High Blood Pressure Harms Women's Sexual Function, Too
June 28, 2000 -- Whether it's a matter of not being "in the mood" or
having difficulties with vaginal dryness or orgasm, women's sexual difficulties
can stem from a variety of causes. Now it appears that a culprit long
associated with men's erectile problems, high blood pressure, also can diminish
women's sexual pleasure.
Although it has long been known that men with high blood pressure are more
likely to have difficulty with erections, little medical research has been done
in women. This is because in men, the question is more simple and focused: Can
the man get and sustain an erection, or can't he?
With women, there are more questions and fewer ways to evaluate them: the
level of desire, ability to remain excited, degree of vaginal lubrication, and
frequency of orgasms, as well as overall satisfaction with the
One trend in researching women's sexual problems is to determine which
conditions known to cause erectile problems in men, such as diabetes and high
blood pressure, also create problems for women. Apparently, high blood pressure
does not discriminate when it comes to sexual dysfunction, according to a study
published in the June issue of the American Journal of Hypertension.
In this study of premenopausal women, those with high blood pressure were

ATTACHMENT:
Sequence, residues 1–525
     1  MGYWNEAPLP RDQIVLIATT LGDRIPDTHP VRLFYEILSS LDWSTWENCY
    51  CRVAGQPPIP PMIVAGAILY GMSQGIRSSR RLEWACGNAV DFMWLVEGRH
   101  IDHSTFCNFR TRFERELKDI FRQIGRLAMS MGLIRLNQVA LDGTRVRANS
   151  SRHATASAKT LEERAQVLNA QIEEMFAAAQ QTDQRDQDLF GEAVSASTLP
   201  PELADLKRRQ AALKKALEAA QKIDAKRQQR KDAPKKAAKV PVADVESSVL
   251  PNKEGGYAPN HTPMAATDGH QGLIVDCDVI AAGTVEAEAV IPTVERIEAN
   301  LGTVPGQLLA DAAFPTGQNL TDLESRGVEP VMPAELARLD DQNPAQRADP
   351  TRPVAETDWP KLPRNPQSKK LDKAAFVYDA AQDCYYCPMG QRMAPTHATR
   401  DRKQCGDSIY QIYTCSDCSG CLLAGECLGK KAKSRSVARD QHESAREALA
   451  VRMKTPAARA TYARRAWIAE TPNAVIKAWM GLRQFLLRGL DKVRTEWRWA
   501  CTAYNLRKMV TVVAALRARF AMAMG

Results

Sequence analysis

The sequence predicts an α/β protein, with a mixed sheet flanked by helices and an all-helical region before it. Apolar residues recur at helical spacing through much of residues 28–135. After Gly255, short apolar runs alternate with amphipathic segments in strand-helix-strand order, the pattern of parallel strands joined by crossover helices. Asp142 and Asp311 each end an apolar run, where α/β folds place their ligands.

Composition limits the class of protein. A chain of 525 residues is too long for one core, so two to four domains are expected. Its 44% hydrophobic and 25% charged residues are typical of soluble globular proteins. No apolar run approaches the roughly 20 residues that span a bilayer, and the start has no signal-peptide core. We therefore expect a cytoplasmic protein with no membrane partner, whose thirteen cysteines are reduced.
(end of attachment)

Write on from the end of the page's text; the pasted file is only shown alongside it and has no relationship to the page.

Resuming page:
more likely to report a decrease in vaginal lubrication, less frequent orgasm,
and more frequent pain with intercourse than were women with normal blood
pressure, the authors write. But this doesn't mean that sexual difficulties are
a tip-off to heart disease, co-author Carol Lewis, MSW, MPH, tells WebMD.
"So many medical conditions can affect sexual functioning, and sexual
difficulties can also be unrelated to other aspects of a patient's health,"
she says. "However, patients need to report problems with sexual
functioning, as they would any other aspect of their health."
Lewis and colleagues found a link connecting women's sexual problems to high
blood pressure, whether or not the blood pressure was being treated, she tells
WebMD. Therefore, women on blood pressure medication should report any changes
"whether or not they think the change is drug-related," she says. Lewis
is an epidemiologist and behavioral scientist at the Research Institute of
Bassett Healthcare in Cooperstown, N.Y.
The investigators identified 224 women who were in heterosexual
relationships who either had or did not have mild high blood pressure. The
women completed a self-administered questionnaire and participated in a
There were no differences between medicated and unmedicated women, or by the
type of medication used to treat their blood pressure. Current smokers were
more likely to report problems with orgasms than were nonsmokers.
"Patients should be aware of sexual difficulties and open to discussing
them with their doctors, especially if they have hypertension," Daniel C.
Fisher, MD, tells WebMD. He is a cardiologist at New York University Medical
Center in New York City.
"If your sex life is not what you want it to be, or even if you don't
know what it should be, talk to your physician. Several health problems can
affect your sexual function," Steven C. Kaplan, MD, tells WebMD. Kaplan is
a professor of urology at Columbia University and researcher in sexual function
at Columbia Presbyterian Medical Center. He was not involved in the study.